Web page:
It hasn't yet, and I don't think it will because they have acted so boldly.
KONDRAKE: You know, one bum wrap I think that is going around here is "where was Bush?" I think Bush handled this rather well by not being out in front and putting Hank Paulson out in front.
If Bush had been out in front negotiating with the Democrats—the Democrats in Congress hate Bush. They would have politicized this. Hank Paulson had a lot of trust and confidence. Furthermore, he was the head of Goldman Sachs and knows what he is doing.
And so I think, you know, Bush handled it rather well.
BAIER: Speaking of the politics, where do the presidential candidates come down on this plan? We'll find out and talk about it when the panel returns.
(BEGIN VIDEO CLIP)
SEN. JOHN MCCAIN, (R-ARIZ.) PRESIDENTIAL CANDIDATE: Two years ago, I called for the reform of this corruption at Fannie Mae and Freddie Mac, and Congress did nothing. The administration did nothing. Senator Obama did nothing, and he actually profited from this system of abuse and scandal.
(END VIDEO CLIP)
(BEGIN VIDEO CLIP)
SEN. BARACK OBAMA, (D-ILL.) PRESIDENTIAL CANDIDATE: This morning, Senator McCain gave a speech in which his big solution to this worldwide economic crisis was to blame me for it. This is the guy who spent nearly three decades in Washington.
(END VIDEO CLIP)
BAIER: Senators McCain and Obama today, a little of the flavor back and forth on this massive rescue plan day that it was announced by the president.
What about this and the politics of it all? Mort, who's winning this battle?
KONDRAKE: I mean, there were the good boys and the bad boys today. And what we saw today was the bad boys, where they were batting each other around.
And as for the Fannie Mae stuff, they're both right and they're both wrong. McCain did advocate reform and better control of Fannie Mae. But he also, his campaign manager, Rick Davis, was the leader of the lobby that was fighting what McCain at that time was promoting.
And it's true that Obama has a lot of advisors who used to be involved with Fannie Mae. So they are both right and both wrong.
Anyway, they also had some constructive things to recommend. Obama said that it's not enough, again, to bail out Wall Street, but he's for it.
He's for this happening, and he says that it should not be loaded up with a lot of other stuff, although he's not even going to insist on his own economic stimulus package be part of the package that gets passed to do this.
And McCain yesterday was in favor of the reconstruction of trust corporations, or whatever this thing is going to be called with a different name, and he's got a positive agenda, too.
So the net of it is, I think, that turmoil in the financial markets and a scare in the economy probably helps the Democrat, but I don't think it's going to be an overwhelming benefit.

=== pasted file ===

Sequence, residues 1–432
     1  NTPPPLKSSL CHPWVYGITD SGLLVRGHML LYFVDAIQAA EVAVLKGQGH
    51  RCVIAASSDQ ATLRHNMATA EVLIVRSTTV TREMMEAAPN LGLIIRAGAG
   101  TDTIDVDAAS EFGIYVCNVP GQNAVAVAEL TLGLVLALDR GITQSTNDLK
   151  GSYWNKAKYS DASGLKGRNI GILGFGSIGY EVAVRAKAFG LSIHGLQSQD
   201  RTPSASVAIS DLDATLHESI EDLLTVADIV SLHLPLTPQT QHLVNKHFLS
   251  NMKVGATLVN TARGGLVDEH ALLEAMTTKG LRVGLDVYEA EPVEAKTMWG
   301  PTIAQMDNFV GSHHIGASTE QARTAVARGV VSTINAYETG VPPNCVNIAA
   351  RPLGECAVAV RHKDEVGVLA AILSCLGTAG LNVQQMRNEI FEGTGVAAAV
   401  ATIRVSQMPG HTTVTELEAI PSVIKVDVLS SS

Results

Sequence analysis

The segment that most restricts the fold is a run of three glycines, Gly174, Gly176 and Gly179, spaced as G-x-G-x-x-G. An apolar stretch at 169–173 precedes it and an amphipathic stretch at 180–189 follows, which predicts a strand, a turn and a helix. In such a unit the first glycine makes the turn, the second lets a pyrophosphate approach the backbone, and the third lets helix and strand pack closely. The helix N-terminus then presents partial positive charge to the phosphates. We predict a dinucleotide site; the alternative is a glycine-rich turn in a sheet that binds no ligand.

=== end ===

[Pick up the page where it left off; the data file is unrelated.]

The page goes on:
KRAUTHAMMER: What we have, as Mort indicated, was more schoolyard spitballs, which was rather entertaining, and recommendations which are entirely irrelevant.
What's going to happen is going to happen within a week or ten days, and it will become law. It's going to be in place by Election Day and certainly by Inauguration Day. All of this new "New Deal" is going to be established, and whatever McCain or Obama recommends today is absolutely irrelevant.
Secondly, it's robbing—all of their recommendations of what they would do in office, I think, is being drained away. We are going to spend the next two, three, five years working off this problem, and it's going to eat up every available dollar in the Treasury.
There will not be a dollar for a new healthcare system or for a green revolution in energy or for the kind of tax cuts McCain is advocating.
I think it sort of neutralizes and makes irrelevant all of their economic recommendations.
BAIER: And McCain is now turning the corner to go again hard on the tax proposal for Obama.
BARNES: Look, that's a separate issue from this.
I disagree with Mort. I don't think we have heard anything constructive from these candidates. They don't know what they're talking about. They don't have a clue about what's going on in the financial markets. They ought to just butt out!
They would be much better just sitting aside and letting Wall Street and Hank Paulson and Ben Bernanke handle this.
I mean, you know, Charles, as you said, Paulson had put together this vast plan in a matter of days. Well, they put together these proposals in a matter of minutes, maybe hours. They're not to be taken seriously. I mean, "irrelevant" is the right word.
Can't there be a time when the candidates just say, "Wait a minute. We're going to let this thing work itself out, and we'll get involved sometime later, if at all."
KONDRAKE: They can't.
BARNES: But sure they could. They could do that.
KONDRAKE: They clearly can't, because if one of them did that, the other one would say "See, he has got nothing to say."
BARNES: So if one acts like a fool, the other has to as well?
KONDRAKE: They have to demonstrate that they have some idea about what is going on , even if they don't.
BARNES: —exactly the opposite.
BAIER: Ten seconds here.
KRAUTHAMMER: What is amazing is all of this upheaval at the height of a presidential race—we haven't had anything like this since the invasion of Hungary a week before the election in '56. It is astonishing, and, I must say, entertaining.